Cosmetics Man - makeup world gets a masculine touch

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Cosmetics Man - makeup world gets a masculine touch


It was a rare sight indeed.

The students attending a makeup workshop for the cosmetics brand Vidi Vici, which was created by celebrity makeup artist Lee Kyung-min, were women.

All five demonstrators were men.

“If you buy UV protection with 50 SPF, always pick an item with three plus signs,” said Chae Seong-eun, the chief instructor at the workshop, which was held at Hyundai Department store south of the river. “They’ll block both UVA and UVB rays.”

The female audience nodded in agreement and watched the experts work their magic with the cosmetics line.


It’s no surprise the field of makeup artistry has been dominated by women for years. But all that’s changing. Women are more willing that ever to leave themselves in male hands.

The seven-strong team of makeup art demonstrators for Vidi Vici is male, and six out of 23 makeup artists at Hyundai are also male. In September, high school buddies Sohn Dae-sik and Park Tae-yoon launched their own cosmetics brand.

As Seonwoo Yunjae, a makeup instructor at the Soobin Academy, says, Korean men are increasingly interested in fashion, accounting for higher numbers of male makeup artists.

“We live in a world where more men prefer to go to beauty shops than barber shops,” she says. “More cosmetics brands target male consumers, and more men want to work in the beauty industry.”

She adds that it’s a benefit - not a barrier - that men learn about women’s fashion from scratch. Many women who want to get into fashion often make the mistake of assuming that they already know everything, which is a false assumption.

“Male students can be just as, or even more, sensitive than their female rivals,” Seonwoo adds.

However, barriers do exist, especially in the beginning. After adapting to an industry dominated by women, male makeup artists are faced with a problem: limited practical application. You see, men can’t practice what they’ve learned through their own beauty care studies since it is not acceptable in Korea for a man to parade around town in full makeup.

“You have to put in double the effort,” says Chae, a male makeup artist who only wanted to use his surname.

Men in this field have also noted something else. Lim Chae-yeol, 27, a male-makeup artist with five years’ experience at Vidi Vici, says his job has changed his personality and attitudes.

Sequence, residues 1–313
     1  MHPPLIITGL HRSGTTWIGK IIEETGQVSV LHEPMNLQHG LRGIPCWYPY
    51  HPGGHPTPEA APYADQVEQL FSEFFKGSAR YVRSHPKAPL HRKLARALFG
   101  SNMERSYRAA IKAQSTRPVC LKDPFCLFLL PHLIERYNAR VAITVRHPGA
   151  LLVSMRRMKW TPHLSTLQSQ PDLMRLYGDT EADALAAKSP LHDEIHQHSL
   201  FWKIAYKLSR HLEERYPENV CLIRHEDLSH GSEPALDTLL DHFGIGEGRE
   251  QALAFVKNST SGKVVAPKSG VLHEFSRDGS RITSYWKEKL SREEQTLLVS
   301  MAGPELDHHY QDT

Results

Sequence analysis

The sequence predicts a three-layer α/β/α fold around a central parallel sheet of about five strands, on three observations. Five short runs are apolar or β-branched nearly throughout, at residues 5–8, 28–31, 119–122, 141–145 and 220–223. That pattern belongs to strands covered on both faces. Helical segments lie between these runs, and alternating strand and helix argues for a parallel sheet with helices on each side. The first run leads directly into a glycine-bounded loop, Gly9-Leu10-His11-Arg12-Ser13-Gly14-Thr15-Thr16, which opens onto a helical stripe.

“You can’t help becoming more feminine,” he says. “My high school friends tell me that I’ve become more meticulous and sensitive. I use more hand gestures and I talk more politely.”

Another challenge is the hands-on application of makeup in a professional setting with boyfriends and husbands in attendance.

Hwang Byeong-yoon, 25, in the same team, majored in theology. In his last year, he decided to become a makeup artist and signed up for a beauty school.

“When a couple visits the store, I tend to explain the procedure to the guy while I work on his girlfriend,” Hwang says, explaining he’s worried men might be offended if another guy is in close physical contact with their girlfriends or wives.

The beauty industry is a tough field: Fashion and makeup artists have to put in long hours, and artists who belong to promotion teams for cosmetics brands have to hit the road at least once a month and prepare for major shows. Holidays are irregular, which is why more men are assigned to the promotion teams.

Clearly, women are comfortable with men handling their makeup, and they see benefits.

“You have to look at women more objectively because you’re a man,” Hwang says. “Men tend to take the job more seriously because a lot of us have chosen this profession despite unfavorable public opinion.”

Min Seon-mi, 42, who went to one of the makeup lectures at Vidi Vici, says she is aware more men work in cosmetics shops these days.

“This is not the Joseon Dynasty, and whoever is good at what they do should do it, whether they are male or female,” she says.

Another student says male artists tend to explain the products in greater detail than women.

“Three or four years ago, five out of 10 female clients turned down or shied away if a male makeup artist was going to do their makeup” Lim says. “Now more women voluntarily request that their faces be done by men when they come to the shop.”

A survey by Gmarket, an online shopping site, last month found that up to 64.6 percent of the women polled said they’re willing to let men do their makeup. About 45 percent said there wouldn’t be much difference between men and women, and 14 percent said the experience would be better.

In the same survey, 40 percent of men said they would be happy to see men do their girlfriends’ faces. About 40 percent said they wouldn’t mind whether the artist was male or female.

Only 32.1 percent said they would object.

By Song Ji-hye JoongAng Ilbo []

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